Taco Bell counts on superheros in CRM program

Taco Bell has launched its first social media CRM program, using original cartoon episodes to engage consumers. The company plans to expand the effort this summer after a May soft launch on YouTube, Facebook, Twitter and mobile platforms.

Draftfcb’s Chicago and Orange County offices are managing the initiative’s creative elements. The fast-food chain’s strategy is to increase customer engagement and deepen consumers’ relationships with the brand.

The effort includes a microsite, www.SDIF.com, dedicated to the “Super Delicious Ingredient Force,” a band of superheroes that fend off such villains as the “Cruddy Combo Clan.” The site includes webisodes that echo the 1970s’ and 80s’ “Super Friends” cartoons, with heroes including Captain Enchilada Sauce, Commander Seasoned Beef, Chicken Woman, Flex Tortilla, Crunch Boy and Dr. Steve Value.

The characters are named after Taco Bell flavors.

“People ultimately want to be entertained,” said Danielle Wolfson, senior associate manager of interactive marketing at Taco Bell. “Communicating with consumers has become multifaceted now.”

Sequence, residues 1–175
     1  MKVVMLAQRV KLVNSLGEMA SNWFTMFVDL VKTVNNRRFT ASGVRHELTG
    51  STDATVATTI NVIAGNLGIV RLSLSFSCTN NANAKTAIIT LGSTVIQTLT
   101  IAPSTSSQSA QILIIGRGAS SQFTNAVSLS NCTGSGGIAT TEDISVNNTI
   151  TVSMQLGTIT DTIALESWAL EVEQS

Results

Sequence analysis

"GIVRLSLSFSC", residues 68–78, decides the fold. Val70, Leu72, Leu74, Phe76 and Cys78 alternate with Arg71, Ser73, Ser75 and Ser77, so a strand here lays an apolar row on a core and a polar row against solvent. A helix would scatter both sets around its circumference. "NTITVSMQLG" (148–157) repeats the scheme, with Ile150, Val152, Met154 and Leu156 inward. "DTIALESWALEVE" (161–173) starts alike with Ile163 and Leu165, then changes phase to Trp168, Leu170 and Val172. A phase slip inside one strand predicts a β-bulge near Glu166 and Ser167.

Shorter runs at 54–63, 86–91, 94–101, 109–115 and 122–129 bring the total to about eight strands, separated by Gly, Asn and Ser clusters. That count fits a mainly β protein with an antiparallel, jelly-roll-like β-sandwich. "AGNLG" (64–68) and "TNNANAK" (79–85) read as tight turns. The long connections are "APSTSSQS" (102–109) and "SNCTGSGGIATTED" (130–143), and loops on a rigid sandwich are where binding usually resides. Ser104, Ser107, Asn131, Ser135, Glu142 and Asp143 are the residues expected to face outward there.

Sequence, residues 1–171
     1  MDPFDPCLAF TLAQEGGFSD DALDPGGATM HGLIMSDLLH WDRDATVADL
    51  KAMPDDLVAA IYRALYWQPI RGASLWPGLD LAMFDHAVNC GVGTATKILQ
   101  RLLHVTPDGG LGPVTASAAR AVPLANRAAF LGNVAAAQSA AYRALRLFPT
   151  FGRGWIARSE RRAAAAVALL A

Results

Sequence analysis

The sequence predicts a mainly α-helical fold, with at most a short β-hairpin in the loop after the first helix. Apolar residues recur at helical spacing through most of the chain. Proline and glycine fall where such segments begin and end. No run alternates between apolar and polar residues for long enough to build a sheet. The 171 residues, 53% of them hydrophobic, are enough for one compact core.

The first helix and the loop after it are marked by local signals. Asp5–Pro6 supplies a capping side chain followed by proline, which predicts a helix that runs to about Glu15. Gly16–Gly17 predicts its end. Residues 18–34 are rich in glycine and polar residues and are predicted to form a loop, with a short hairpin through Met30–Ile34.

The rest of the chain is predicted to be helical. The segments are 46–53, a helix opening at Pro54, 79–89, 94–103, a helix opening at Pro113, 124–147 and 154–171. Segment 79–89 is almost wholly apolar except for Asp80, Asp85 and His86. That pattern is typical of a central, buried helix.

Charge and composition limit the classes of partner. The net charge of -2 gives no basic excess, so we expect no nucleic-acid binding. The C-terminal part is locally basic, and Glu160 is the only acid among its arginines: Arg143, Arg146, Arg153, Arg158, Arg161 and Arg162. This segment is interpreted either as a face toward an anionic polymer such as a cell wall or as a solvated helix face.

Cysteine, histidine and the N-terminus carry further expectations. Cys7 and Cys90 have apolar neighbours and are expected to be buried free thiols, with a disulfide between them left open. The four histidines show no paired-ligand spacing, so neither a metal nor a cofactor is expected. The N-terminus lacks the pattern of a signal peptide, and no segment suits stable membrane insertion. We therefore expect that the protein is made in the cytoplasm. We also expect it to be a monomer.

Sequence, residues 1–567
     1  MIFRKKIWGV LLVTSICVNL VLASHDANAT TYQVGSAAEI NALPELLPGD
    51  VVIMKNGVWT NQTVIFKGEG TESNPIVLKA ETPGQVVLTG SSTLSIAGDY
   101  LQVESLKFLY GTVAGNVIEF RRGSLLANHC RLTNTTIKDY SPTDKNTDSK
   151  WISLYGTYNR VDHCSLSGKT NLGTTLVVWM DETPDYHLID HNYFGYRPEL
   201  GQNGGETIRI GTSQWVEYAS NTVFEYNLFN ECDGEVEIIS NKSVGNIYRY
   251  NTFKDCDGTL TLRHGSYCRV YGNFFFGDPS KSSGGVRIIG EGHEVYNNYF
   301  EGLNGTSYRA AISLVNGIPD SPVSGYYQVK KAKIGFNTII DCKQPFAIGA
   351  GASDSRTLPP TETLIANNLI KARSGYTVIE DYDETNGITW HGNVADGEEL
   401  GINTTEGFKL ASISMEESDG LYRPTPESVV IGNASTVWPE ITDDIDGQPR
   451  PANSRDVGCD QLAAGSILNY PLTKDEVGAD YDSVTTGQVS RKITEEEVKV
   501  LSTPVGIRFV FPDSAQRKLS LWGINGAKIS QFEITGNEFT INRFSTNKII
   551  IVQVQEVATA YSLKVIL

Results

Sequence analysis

Goals include both customer acquisition and retention, Wolfson said.

Consumers can also download ringtones, post images to their Facebook profile and get character wallpapers. The site links to social media pages for the characters on Facebook or Flickr, and video images of the characters in their environment. For instance, Flex Tortilla can be heard pumping iron in a weight room. Characters also have their own Twitter accounts.

Taco Bell is launching two more webisdoes imminently, said Berk Wasserman, VP, associate creative director in Chicago.

Wolfson said the campaign is an opportunity for Taco Bell consumers to have a two-way dialogue that is not possible with a 30-second spot. She added that it is also an opportunity to spread Taco Bell virally.

“[With a] TV spot, you can talk about it, but it really doesn’t have that sharing capability,” she said.

Wolfson said the target demographic is Taco Bell’s core 18-to-34-year-old segment.

Jeff Maerov, SVP and group creative director for Draftfcb added: “But, it’s for anyone who grew up on superhero cartoons. It’s really more of a mind-set than an age range.”

Wasserman noted that since its soft launch, the campaign has gained about 3,000 new social media friendships and resulted in 400,000 views on YouTube. Captain Enchilada alone has amassed about 800 friends on Facebook, he added.

Wolfson added that value is “always core to the Taco Bell brand,” and it will play a role in the brand’s messaging through the rest of the campaign, which will run indefinitely.

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